When you first walk into the main building at Old Car City, you will notice an array of hand-painted signs, antique toys, a few souvenirs and various pieces of artwork created by owner Dean Lewis. This is also the area where you will pay your entry fee and pick up a map of the trails.
As you pass through the entry gate, you will find a 1977 Lincoln Mark V - the last car purchased by Elvis Presley; and, you will also find a car covered in signatures. There is a marker next to the car and you are invited to add your name as well.
Once you have taken in all the various collections in the main building, you will exit through the back and walk into an interesting area of art pieces created using various car parts. It was in this area that I found a collection of dolls resting on the hood of a car. From here, you will head out onto the various trails.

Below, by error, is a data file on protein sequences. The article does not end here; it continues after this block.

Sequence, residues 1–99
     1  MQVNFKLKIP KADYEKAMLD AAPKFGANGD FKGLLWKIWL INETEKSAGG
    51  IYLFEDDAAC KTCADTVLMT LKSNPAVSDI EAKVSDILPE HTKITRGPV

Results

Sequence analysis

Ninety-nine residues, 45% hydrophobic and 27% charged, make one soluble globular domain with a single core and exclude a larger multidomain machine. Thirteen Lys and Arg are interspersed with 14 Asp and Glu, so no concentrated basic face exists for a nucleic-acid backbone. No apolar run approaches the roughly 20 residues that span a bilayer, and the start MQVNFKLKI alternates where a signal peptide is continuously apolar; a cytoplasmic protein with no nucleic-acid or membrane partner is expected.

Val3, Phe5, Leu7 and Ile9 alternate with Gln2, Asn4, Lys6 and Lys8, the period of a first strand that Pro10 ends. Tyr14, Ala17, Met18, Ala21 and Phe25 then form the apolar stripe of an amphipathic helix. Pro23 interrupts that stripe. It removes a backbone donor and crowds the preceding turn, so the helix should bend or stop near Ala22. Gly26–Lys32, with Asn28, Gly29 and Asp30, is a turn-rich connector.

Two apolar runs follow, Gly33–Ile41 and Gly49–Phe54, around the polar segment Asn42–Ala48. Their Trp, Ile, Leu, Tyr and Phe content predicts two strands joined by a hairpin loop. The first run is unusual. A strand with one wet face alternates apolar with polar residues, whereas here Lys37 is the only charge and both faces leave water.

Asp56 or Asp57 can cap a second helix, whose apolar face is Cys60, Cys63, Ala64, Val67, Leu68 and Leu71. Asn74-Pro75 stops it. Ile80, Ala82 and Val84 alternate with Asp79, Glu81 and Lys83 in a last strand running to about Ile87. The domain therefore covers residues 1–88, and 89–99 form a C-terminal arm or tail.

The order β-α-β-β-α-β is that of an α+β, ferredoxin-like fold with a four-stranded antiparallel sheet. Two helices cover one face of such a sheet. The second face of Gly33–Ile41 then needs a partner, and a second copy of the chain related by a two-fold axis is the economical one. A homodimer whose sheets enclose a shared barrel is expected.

To give you an idea of some of the things you will see on the trails, I have included a slideshow. The music used in this video comes from the album “Guitar Music for Small Rooms 2”. The song is entitled “Breezin’” by George Benson.
When you have had you fill on the trails, make sure you visit the art gallery on the upper loft of the main building. Here, you will find more of Dean Lewis’ art pieces and his growing collection of cup art. Since 1978, Dean has been drawing and doodling on styrofoam coffee cups every day. As a way to quit smoking, he started drinking convenience store coffee everyday and then began drawing on the cups. This daily habit has produced over 1,000 cups of art.
So, if you are looking for something a little different on your travels, consider stopping by Old Car City USA. You will be pleasantly surprised.
For more information about Old Car City USA, be sure to visit their website and check out their interesting and helpful blog articles.